As I walked through the grocery store checking items off of my list, I kept skipping that one dreaded item that’s always so hard to find these days—paper towels. Would there even be any in stock? Would I be limited to one measly roll? Turning down the aisle to learn my fate, I thought, “Why hasn’t the supply chain caught up yet?” After all, what really goes into making paper towels beyond grinding down a tree or two and shipping it off to the market?
Turns out, a whole lot of factors limit the production and distribution of seemingly basic products. On closer inspection, what seemed like one simple supply chain is actually a vast, tiered system of interlinking chains with various overlapping and pre-planned schedules. While supply chains are indeed changing, these companies are working on 3-year, 5-year, and 10-year timelines to modernize their operations.
First, let’s take a deeper look at how finished products go from raw materials to into your kitchen, and then discuss how the big players are adapting in the short run to stay abreast of this massive disruption.
The diagram shown below gives us a look at the complexity of a generic supply chain (simplified for the purposes of this article).
The different players involved function like the different pieces on a chess board—they each have a specific function to fulfill to create a smooth supply chain, and there are countless options as to how to employ them to best suit each company’s needs.
You can take out any single individual chess piece, and you still have plenty of options to get the job done, but you will have to move a lot of things around and change your strategy. Gregory Healy, Senior Vice President of Supply Chain Solutions and Workforce Analytics at Colliers International, remarks, “A company like Walmart is agile and big enough to make an adjustment when a disruption hits. Their size gives them the leverage to make sure their suppliers are swift enough to accommodate their demands.” If, for example, they have a government-mandated shutdown at a domestic distribution center (D), they can simply shift to shipping directly from supplier (A) to retail locations (E). However, a smaller regional player may not be able to achieve this flexibility, which can lead to product shortages.
Furthermore, Walmart’s flexibility also depends on the ability of its suppliers to operate dynamically based upon shifting consumption patterns—whether that means ramping up production The suppliers, distributors, and retailers must work together to estimate their annual requirements so that they can plan supplier output. These estimates rely on past years’ data as well as the projections from the rest of the chain (ultimately stemming from consumer demand). The companies work within quarterly, annual, and even 5-year timelines to plan production. Some of these players have the ability to rapidly change their output to accommodate COVID-19, but others have limiting factors that inhibit this. Household paper products, for example, come almost exclusively from “virgin pulp,” and getting more would require more trees to be cut from virgin forests all over the world, which creates legal barriers locally and internationally. The machines that turn the pulp into rolls of paper also have a maximum output of just over a mile per minute, which cannot be increased simply because we are using more paper towels at home.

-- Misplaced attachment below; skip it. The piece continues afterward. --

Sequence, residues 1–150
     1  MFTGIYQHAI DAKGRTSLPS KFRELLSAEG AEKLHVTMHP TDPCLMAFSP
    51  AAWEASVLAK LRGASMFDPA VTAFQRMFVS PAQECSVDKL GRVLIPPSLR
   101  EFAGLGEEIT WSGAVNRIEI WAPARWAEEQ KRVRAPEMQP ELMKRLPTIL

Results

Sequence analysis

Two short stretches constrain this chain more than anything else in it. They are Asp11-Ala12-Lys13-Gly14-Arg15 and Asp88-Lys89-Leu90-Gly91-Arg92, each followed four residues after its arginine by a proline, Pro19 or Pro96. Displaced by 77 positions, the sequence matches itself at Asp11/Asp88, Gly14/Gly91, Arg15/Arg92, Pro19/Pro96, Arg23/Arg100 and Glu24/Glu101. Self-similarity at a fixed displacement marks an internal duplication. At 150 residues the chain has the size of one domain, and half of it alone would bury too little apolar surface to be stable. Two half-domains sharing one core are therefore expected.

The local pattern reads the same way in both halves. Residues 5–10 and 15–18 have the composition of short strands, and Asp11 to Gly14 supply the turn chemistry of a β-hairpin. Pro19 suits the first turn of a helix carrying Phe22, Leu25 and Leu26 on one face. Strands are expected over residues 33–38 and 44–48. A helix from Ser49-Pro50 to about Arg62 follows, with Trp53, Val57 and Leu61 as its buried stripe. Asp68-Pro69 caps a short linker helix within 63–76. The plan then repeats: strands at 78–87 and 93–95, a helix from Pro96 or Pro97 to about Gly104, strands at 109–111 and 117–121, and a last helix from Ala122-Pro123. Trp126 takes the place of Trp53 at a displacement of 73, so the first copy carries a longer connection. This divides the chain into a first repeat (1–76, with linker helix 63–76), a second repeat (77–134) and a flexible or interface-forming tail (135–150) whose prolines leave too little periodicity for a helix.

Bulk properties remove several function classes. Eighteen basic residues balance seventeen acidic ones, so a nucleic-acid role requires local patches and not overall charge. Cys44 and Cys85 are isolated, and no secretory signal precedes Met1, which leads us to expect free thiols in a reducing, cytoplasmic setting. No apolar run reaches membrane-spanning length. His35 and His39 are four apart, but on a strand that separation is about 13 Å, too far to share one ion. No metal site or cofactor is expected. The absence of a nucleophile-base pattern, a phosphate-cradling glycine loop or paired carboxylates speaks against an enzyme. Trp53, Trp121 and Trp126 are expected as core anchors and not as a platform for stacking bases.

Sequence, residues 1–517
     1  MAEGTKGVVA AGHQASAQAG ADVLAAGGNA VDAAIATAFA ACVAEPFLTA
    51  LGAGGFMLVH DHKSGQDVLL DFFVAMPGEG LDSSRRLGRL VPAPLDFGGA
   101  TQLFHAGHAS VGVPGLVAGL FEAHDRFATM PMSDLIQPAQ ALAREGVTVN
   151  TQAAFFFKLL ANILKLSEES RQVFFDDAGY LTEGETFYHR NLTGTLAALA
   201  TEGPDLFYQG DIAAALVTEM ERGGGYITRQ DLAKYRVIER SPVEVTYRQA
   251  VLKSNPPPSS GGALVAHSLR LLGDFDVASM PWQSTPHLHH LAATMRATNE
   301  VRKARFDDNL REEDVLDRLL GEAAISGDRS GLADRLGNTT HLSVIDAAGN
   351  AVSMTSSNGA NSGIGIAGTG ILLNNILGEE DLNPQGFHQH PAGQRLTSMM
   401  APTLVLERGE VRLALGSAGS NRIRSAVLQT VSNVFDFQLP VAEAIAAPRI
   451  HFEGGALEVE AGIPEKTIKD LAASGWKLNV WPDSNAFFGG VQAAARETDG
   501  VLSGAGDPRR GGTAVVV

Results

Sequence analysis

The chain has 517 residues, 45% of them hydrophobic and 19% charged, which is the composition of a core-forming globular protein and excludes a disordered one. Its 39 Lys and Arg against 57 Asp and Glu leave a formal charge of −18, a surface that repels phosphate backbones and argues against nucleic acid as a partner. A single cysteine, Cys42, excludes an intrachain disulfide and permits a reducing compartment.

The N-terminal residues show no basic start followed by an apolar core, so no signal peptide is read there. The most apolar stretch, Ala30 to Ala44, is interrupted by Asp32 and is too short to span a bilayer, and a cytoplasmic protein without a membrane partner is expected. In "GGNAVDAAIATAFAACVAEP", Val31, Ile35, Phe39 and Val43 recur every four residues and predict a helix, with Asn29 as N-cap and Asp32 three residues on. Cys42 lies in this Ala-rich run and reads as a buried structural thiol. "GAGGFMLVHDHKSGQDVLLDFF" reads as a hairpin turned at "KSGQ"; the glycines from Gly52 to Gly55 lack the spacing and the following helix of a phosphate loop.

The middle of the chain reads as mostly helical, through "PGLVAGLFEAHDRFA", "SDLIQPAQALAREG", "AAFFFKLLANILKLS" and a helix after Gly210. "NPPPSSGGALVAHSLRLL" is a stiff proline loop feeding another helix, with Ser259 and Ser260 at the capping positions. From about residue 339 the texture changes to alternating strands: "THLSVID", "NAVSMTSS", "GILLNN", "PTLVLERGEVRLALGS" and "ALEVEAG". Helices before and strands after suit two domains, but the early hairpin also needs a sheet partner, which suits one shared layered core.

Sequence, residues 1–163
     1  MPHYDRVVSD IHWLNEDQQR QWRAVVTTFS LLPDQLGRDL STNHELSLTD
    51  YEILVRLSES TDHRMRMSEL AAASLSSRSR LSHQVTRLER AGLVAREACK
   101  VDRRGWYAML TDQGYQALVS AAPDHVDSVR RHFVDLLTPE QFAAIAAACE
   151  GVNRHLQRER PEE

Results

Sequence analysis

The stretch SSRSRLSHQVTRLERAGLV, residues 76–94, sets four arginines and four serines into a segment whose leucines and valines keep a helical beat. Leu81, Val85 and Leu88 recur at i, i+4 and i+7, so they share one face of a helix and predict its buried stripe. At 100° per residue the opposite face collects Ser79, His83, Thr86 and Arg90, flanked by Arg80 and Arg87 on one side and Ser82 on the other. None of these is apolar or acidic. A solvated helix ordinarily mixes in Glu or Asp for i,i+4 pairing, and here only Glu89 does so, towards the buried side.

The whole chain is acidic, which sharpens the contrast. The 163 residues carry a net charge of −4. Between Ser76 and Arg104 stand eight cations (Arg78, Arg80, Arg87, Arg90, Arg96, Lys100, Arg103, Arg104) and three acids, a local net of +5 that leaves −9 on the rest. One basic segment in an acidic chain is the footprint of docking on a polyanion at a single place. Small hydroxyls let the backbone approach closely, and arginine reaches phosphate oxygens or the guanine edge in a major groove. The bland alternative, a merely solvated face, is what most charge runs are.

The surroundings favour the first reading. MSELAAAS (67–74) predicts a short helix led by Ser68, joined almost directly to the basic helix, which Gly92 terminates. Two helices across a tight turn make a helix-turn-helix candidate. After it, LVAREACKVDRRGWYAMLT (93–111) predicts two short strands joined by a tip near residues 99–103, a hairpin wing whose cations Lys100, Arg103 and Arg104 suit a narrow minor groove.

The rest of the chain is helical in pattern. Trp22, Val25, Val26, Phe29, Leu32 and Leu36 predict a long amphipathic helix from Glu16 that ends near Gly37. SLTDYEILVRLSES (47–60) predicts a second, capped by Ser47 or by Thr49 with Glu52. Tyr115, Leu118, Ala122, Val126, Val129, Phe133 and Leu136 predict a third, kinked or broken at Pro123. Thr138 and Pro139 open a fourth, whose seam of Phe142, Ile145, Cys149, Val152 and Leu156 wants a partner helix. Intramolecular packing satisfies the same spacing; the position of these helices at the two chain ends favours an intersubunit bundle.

With this understanding of the supply chains involved in getting us our favorite brand of toilet paper, let’s take a look at where we stand. COVID-19 threw a huge wrench into the machine, disrupting the flow of goods and services across nearly the entire economy. Healy notes, “Global supply chains, and even domestic supply have for years been a source for cost cutting. The ‘just in time’ model has pulled back much of the safety inventories in the supply chain. When demand spikes for an item, the shockwaves are felt immediately across the entire network and suppliers have to scramble to adjust to the new sudden demand.” Sticking with our example of paper products, we see a massive shift in demand from commercial to consumer markets. The big issue with this is that the paper goods we use at home are very different from the ones used in restaurants and other public venues—and they each have their own separate supply chain. Virtually all of the tissue and paper towels we use at home comes from virgin wood pulp, giving it the characteristic softness that we expect. Commercial paper goods, on the other hand, often use a percentage of recycled pulp and have lower standards for softness and quality.